By: Mackenzie O'Brien & Justine Wang

Egyptian Kingship

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Egyptian Sarcophagus


Vocabulary

Dynasty* (DY nus tee) -a series of rulers from the same family or ethnic group Pharaoh* (FEHR oh)- the title of the kings of ancient Egypt Absolute power* - complete control over someone or somethingRegent* (REE junt)- someone who rules for a child until the child is old enough to rule

From Dynasty* to Dynasty*

  • Egypt had gone through over 30 dynasties* during the timespan of 3100 B.C.- 332 B.C.
  • The dynasties* were grouped into 3 major time periods. Historians refer to these time periods as kingdoms.
  • The three kingdoms were called the Old Kingdom (the earliest time period), the Middle Kingdom, and the New Kingdom (the latest time period). There were gaps of time in between these kingdoms which were times of wars, invasions, and weak rulers. However, these gaps of troubles were rare, and for the most part of history in ancient Egypt, everything was stable.


Egypt is Unified

  • Legend says that a king named Menes (MEE neez) united Upper and Lower Egypt, thus beginning the first dynasty*.
  • Near what is present-day Cairo (KY roh), Menes built a city which he named Memphis. He made this city his capitol.
  • From there, King Menes ruled over the Two Lands.
  • There were two crowns, red and white, representing Upper and Lower Egypt (which the ancient Egyptians called the Two Lands). When these crowns were worn together, it meant that Upper and Lower Egypt were united.
  • This union commenced one of the most stable civilizations in history.

Crowns of Egypt
Crowns of Egypt



Egyptian Pharaoh Website

Menes ruled for 62 years and was killed by a hippopotamus.
Upper Egypt is actually in the south, while Lower Egypt is in the north.

A Powerful Pharaoh*


  • Next to Cleopatra, Hatshepsut (from the 18th dynasty*) was one of the most famous female pharaohs* of Egypt.
  • Her son, Thutmose III, was too young to become pharaoh*. Hatshepsut became his regent*, and eventually appointed herself pharaoh*.
  • Although she was a woman, and men traditionally held the title of pharaoh*, Hatshepsut took on all the responsibilities required of a pharaoh*. Man or woman, the great civilization's power and wealth was in the pharaoh's* control.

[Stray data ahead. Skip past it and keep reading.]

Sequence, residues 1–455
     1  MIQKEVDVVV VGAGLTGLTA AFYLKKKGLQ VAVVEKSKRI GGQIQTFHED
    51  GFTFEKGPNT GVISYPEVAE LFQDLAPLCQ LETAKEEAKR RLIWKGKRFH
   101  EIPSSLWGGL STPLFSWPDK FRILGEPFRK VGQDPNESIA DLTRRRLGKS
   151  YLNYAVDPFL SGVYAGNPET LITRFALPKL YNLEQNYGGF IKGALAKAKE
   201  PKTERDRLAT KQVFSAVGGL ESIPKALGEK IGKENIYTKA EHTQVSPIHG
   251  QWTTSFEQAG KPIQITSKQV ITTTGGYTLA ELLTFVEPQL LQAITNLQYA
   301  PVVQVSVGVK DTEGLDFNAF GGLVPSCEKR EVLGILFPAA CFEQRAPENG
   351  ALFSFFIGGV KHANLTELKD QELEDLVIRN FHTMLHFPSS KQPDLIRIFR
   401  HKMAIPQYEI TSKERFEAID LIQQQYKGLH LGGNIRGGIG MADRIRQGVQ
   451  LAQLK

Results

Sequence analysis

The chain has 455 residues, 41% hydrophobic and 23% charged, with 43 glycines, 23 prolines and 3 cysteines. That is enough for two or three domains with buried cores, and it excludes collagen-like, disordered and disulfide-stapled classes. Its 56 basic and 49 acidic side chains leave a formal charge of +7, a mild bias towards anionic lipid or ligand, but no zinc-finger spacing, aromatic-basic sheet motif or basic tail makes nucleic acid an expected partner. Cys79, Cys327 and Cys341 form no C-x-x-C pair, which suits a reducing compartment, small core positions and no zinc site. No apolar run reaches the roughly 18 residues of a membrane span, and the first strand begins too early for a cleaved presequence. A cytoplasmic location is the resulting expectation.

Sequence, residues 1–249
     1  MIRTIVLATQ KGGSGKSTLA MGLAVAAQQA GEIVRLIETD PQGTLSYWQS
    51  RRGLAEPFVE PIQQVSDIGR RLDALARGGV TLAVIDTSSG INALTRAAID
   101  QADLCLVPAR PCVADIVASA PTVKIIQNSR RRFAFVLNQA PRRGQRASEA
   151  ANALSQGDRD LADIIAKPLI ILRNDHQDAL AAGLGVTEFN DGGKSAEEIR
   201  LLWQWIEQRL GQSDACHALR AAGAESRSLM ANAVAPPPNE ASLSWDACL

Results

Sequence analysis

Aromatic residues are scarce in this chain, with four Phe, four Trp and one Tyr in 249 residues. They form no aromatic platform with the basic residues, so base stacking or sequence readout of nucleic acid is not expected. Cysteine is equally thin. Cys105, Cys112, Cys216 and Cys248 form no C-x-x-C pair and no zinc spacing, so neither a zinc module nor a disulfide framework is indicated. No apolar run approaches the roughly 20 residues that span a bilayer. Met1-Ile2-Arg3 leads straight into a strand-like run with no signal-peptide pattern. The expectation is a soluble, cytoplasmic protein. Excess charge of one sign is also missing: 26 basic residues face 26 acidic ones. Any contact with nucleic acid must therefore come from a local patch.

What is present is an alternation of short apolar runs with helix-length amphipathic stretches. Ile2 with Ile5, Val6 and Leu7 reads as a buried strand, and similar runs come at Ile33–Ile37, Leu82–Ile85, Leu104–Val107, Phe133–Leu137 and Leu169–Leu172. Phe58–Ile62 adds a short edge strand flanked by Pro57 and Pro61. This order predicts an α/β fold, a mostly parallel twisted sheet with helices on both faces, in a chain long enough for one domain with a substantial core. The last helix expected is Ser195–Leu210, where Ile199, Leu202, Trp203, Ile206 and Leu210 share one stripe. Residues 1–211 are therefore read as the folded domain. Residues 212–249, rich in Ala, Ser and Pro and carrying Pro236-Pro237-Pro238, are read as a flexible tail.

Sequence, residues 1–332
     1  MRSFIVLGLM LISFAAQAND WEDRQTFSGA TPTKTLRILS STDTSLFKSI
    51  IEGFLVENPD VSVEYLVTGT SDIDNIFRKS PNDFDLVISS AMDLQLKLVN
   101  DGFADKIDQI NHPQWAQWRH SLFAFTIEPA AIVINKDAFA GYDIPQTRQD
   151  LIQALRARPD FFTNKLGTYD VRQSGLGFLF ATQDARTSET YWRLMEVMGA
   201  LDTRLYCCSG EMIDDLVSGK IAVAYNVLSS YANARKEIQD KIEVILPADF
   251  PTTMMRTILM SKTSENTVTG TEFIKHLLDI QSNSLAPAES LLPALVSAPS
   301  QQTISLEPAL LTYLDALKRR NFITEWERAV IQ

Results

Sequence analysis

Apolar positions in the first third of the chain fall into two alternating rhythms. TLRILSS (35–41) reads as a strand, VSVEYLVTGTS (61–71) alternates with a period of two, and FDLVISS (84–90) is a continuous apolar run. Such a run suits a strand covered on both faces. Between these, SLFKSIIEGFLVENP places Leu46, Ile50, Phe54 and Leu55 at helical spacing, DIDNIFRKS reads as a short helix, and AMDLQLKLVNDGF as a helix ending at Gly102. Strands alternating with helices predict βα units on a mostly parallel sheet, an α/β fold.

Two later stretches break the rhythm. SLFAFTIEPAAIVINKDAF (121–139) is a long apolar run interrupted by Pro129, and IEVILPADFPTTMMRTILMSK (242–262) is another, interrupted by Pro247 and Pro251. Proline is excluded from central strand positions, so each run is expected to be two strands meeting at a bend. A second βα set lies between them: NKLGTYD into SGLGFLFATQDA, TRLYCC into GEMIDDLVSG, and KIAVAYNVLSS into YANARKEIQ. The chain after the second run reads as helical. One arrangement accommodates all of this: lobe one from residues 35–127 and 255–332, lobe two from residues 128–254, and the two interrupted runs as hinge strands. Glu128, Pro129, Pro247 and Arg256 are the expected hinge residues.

• Hatshepsut was a very wise ruler. Not all were like her, though. Some Egyptian pharaohs* were careless and cruel.

Hatshepsut's reign was the longest of all the female pharaohs*.


A Little More About Pharaohs* in General


  • The ancient Egyptians believed that their pharaohs* were mortal forms of the falcon god Horus, the god of the sky.
  • Over time, the pharaohs* and Re (ray), the sun god, connected. They were god-kings in this way.
  • The ancient Egyptians also believed that the Nile's floods and, following that, the harvests were provided by the rulers.
  • All pharaohs* had absolute power*. Whatever they said had to be done because their decision was law.
  • Egypt's future rested on the pharaoh's* strength.

An official of ancient Egypt once said: "He is the god Re whose beams enable us to see.He gives more light to the Two Lands than the sun's disc. He makes Earth more green than the Nile in flood.He has filled the Two Lands with strength and life."
Cleopatra VII was the last pharaoh*.
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Egyptian Empire
Egyptian Empire



Wiki Presentation-1-9.ppt



Click on picture for URL **If a star is after a word, it is in the vocabularyWorks Cited "Female Pharaohs in Anicent Egypt. Egyptian Queens." ANCIENT EGYPT Egyptian pyramids, pharaohs, sphinx, temples. Egyptian travel. 12 Jan.
2009 <http://www.ancientnile.co.uk/pharaohs-women.php>.

World Studies: the Ancient World
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Upper Saddle River: Prentice Hall (School Division)